Many writers scoff at the thought of public readings. We’ve had clients ring who want to publish a book, and then do nothing whatsoever to promote that book after its publication. Well, here’s the truth: the book isn’t going to promote itself. It’s not going to perform interviews. It’s not going to do the talk circuit. It’s not going to read itself publicly. And if these things aren’t happening, it’s unlikely the book will ever be discovered. Why whould it? Who’s going to know it’s out there?
As far as readings go, the reason they work as both a form of brand-building and book promotion is because it introduces the writer and their writing to the greater public. Readings also engender interest in the writing itself. I’ve often seen people in an audience be so captivated by a reading, they enquire about the book the excerpt’s come from.
Of course, reading in public can be daunting. People imagine worst-case scenarios – from embarrassing themselves to failing to having a panic attack and running off stage.
But reading doesn’t have to be that intimidating. In fact, it’s a simple art as long as you keep it in context.
Here’s some tips to consider:
- Reading in public is no different to reading to yourself. It really isn’t. Think about it – what’s different? You’re reading aloud, whether it’s to yourself or to a group of people. The practice is the same. It’s the environment that’s changed, and because that’s the case, you put pressure on yourself. Just remind yourself: it’s still the same practice. When you recognise the context, it helps you relax.
- Rehearse aloud. Common sense – right? Read aloud. Look for places you might stumble, or for words where you might trip – stuff you can read fluently inside your head can become an issue aloud. Iron out these kinks before they become issues.
- Pick something that’s self-contained, and would stand alone Don’t pick an excerpt that contains references to lots of characters who and/or events that are foreign to the listeners. They’re just going to scratch their heads, wondering who these people are and what’s happening. While they’re doing this, they’re not going to connect with what you’re reading. If you have to stop and explain material, you’re going to break the flow of your reading.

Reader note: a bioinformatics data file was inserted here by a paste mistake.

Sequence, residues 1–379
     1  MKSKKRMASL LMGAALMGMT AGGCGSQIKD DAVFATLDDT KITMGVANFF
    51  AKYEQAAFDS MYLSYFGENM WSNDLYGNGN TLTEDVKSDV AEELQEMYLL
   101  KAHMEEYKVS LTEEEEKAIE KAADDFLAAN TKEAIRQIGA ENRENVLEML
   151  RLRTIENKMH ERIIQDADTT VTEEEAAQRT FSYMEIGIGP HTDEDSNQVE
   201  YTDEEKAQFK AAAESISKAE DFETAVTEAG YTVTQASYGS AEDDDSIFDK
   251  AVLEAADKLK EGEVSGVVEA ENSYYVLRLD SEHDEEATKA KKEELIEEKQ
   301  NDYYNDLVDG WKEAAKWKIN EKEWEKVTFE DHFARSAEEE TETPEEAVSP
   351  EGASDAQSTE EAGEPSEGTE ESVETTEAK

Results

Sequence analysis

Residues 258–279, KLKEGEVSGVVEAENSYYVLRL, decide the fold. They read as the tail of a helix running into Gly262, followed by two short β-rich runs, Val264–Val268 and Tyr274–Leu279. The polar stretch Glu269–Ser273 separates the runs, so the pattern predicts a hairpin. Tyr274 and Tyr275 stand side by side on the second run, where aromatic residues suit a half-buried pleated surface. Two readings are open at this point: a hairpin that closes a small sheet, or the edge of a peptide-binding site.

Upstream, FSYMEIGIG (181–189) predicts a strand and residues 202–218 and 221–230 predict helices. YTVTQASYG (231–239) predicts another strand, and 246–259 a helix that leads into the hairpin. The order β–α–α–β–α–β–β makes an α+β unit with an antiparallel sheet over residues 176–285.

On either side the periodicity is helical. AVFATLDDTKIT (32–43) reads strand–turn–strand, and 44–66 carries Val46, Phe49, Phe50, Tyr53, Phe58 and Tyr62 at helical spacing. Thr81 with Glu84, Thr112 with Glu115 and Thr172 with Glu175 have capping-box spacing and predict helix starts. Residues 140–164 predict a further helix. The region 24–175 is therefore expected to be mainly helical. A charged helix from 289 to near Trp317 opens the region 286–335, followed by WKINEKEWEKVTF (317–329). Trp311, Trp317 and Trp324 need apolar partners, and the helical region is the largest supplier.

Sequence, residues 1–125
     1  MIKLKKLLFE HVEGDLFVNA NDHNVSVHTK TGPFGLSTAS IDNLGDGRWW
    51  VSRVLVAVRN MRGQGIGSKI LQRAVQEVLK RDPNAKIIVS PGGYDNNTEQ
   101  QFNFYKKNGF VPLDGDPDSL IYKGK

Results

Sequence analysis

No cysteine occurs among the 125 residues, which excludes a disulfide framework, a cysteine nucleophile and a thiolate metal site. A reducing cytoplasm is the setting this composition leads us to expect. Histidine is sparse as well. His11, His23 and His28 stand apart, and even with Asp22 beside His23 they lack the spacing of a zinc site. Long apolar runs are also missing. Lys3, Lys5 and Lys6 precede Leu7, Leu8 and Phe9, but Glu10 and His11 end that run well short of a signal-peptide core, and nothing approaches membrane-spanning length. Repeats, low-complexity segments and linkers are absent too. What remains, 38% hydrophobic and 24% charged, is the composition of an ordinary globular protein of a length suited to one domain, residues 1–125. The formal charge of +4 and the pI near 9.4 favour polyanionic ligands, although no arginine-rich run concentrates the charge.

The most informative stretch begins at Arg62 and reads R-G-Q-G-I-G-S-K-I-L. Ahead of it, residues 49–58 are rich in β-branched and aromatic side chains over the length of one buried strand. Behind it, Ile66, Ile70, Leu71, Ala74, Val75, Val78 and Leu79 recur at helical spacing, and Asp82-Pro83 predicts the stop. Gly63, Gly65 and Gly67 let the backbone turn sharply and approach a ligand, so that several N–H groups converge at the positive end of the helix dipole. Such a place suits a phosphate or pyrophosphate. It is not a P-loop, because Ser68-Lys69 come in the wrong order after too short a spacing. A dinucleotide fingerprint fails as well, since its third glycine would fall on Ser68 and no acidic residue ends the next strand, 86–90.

- If possible, find something with a bit of a hook at the end, so it entices the audience to get the book. You want people to be thinking, I wonder what happens next. That curiosity could encourage them to go out and buy your book.
- Don’t read spoilers. Why bother picking up a story if you’re giving away vital plot elements? What allure will the rest of the story hold?
- One hundred words will generally equal one minute – don’t read more than ten minutes. Reading a book yourself and having it read aloud to you – especially in a public environment – are two different practices. You’d be happy to spend hours reading a book on the comfort of your couch. You get restless listening to somebody read, no matter how brilliant.
- Print out the section you want to read in a BIGGER font. This makes it easier to read. Books can (comparably) have a smaller font, and short of splitting the spine books can be hard to keep open.
- If you get nervous, hold something heavy (like a clipboard) behind the printout. This will weigh down your hands from shaking.
Just remember, you don’t walk into the situation and inherit pressure. You put that on yourself. But what’s the worst that can happen? If you mess up, you’re likelier to find the audience sympathetic. Nobody is going to record this for posterity. It’s not going to go on your permanent record. Anybody who is mocking or derisive is a moron, and not worth worrying about anyway. Reading can be – and really should be – an enjoyable experience.